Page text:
Improbable 'buckyegg' hatched

Sep 28, 2006
Buckyegg (Christine Beavers/graphic)
Buckyegg (Christine Beavers/graphic)

An egg-shaped fullerene, or "buckyball egg" has been made and characterized by chemists at UC Davis, Virginia Tech and Emory and Henry College, Va. The unexpected discovery opens new possibilities for structures for fullerenes, which could have a wide range of uses.

"It was a total surprise," said Christine Beavers, a chemistry graduate student working with Professors Alan Balch and Marilyn Olmstead at UC Davis. Beavers is first author on the paper, published this month in the Journal of the American Chemical Society.

Fullerenes, sometimes called "buckyballs," are usually spherical molecules of carbon, named after the futurist R. Buckminster Fuller, inventor of the geodesic dome. The carbon atoms are arranged in pentagons and hexagons, so their structures can resemble a soccer ball. An important rule -- until now -- is that no two pentagons can touch, but are always surrounded by hexagons.

The "buckyegg" compound was made by collaborating scientists at Virginia Tech, led by Professor Harry Dorn. They heated a mixture of carbon and other ingredients under special conditions to make a mixture of fullerenes, then shipped the products to UC Davis, where Balch's group worked on characterizing their structures.

When Beavers started to map out the structure, she found two pentagons next to each other, making the pointy end of the egg. Initially she thought that the results were a mistake, but she showed the data to Marilyn Olmstead, an expert on X-ray crystallography, and they decided that the results were real. The egg contains a molecule of triterbium nitride inside.

The experiment was actually part of a project to find new, more predictable ways to make fullerenes, Beavers said. The researchers were trying to make fullerenes with atoms of terbium, a metal from the lanthanide series of the periodic table, trapped inside. Metals similar to terbium are used as contrast agents for some medical scanning procedures. By putting these metals inside fullerenes, the researchers hope to make compounds that could be both medically useful and well-tolerated in the body.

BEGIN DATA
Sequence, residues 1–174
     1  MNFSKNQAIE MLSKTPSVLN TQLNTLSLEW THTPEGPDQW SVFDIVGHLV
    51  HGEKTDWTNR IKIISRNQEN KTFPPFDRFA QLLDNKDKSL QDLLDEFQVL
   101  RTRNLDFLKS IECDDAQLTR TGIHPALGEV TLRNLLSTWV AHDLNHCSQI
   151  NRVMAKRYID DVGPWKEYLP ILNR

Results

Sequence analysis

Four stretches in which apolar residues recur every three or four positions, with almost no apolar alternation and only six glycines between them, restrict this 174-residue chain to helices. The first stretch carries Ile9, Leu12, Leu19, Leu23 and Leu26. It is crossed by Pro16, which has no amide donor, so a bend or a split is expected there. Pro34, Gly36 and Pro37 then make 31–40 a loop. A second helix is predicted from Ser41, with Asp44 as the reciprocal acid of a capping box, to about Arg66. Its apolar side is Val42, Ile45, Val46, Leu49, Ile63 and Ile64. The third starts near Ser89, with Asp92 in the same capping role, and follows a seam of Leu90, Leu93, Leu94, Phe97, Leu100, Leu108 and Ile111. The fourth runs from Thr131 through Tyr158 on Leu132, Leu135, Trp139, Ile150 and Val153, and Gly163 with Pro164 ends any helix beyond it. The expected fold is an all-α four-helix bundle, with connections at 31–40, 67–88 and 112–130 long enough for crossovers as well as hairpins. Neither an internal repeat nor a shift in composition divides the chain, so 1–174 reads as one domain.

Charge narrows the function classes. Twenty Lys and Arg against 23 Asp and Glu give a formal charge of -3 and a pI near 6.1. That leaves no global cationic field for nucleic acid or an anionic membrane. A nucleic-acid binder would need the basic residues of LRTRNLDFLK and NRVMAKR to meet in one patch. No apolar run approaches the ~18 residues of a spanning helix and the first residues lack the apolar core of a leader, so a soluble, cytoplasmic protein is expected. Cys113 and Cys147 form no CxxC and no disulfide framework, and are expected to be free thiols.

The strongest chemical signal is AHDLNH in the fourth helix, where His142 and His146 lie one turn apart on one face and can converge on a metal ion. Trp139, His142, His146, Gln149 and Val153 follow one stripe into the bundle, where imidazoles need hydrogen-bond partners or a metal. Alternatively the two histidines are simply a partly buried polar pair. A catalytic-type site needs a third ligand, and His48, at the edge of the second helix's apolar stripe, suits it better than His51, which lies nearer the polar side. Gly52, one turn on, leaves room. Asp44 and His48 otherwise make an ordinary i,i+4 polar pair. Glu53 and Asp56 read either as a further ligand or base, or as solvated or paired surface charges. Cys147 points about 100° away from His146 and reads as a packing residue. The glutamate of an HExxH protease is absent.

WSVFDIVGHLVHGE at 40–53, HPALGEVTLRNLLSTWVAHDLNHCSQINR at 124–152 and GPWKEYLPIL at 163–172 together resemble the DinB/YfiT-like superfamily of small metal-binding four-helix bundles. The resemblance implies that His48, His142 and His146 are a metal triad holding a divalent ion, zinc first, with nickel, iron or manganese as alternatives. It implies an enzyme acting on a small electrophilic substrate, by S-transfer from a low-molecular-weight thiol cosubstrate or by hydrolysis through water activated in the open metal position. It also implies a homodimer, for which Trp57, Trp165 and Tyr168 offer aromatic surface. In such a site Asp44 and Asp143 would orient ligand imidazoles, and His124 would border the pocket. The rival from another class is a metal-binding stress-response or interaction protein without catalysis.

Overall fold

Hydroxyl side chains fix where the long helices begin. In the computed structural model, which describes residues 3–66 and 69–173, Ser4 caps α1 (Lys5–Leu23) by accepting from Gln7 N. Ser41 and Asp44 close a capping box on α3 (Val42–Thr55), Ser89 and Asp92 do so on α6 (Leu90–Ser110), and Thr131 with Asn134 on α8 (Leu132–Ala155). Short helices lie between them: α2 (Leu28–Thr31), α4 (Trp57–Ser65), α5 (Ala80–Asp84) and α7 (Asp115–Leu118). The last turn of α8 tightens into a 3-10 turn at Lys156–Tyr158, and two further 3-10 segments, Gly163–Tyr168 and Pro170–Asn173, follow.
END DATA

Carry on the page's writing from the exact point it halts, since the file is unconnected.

Source: University of California - Davis

Explore further: The latest fashion: Graphene edges can be tailor-made

add to favorites email to friend print save as pdf

Related Stories

Recommended for you

Researchers use oxides to flip graphene conductivity

12 hours ago

Graphene, a one-atom thick lattice of carbon atoms, is often touted as a revolutionary material that will take the place of silicon at the heart of electronics. The unmatched speed at which it can move electrons, ...

Researchers make magnetic graphene

19 hours ago

Graphene, a one-atom thick sheet of carbon atoms arranged in a hexagonal lattice, has many desirable properties. Magnetism alas is not one of them. Magnetism can be induced in graphene by doping it with magnetic ...

The latest fashion: Graphene edges can be tailor-made

Jan 23, 2015

Theoretical physicists at Rice University are living on the edge as they study the astounding properties of graphene. In a new study, they figure out how researchers can fracture graphene nanoribbons to get ...

Nanotechnology changes behavior of materials

Jan 23, 2015

One of the reasons solar cells are not used more widely is cost—the materials used to make them most efficient are expensive. Engineers are exploring ways to print solar cells from inks, but the devices ...

Gold 'nano-drills'

Jan 22, 2015

Spherical gold particles are able to 'drill' a nano-diameter tunnel in ceramic material when heated. This is an easy and attractive way to equip chips with nanopores for DNA analysis, for example. Nanotechnologists ...

The importance of building small things

Jan 22, 2015

Strong materials, such as concrete, are usually heavy, and lightweight materials, such as rubber (for latex gloves) and paper, are usually weak and susceptible to tearing and damage. Julia R. Greer, professor ...

User comments : 0

Please sign in to add a comment. Registration is free, and takes less than a minute. Read more

Click here to reset your password.
Sign in to get notified via email when new comments are made.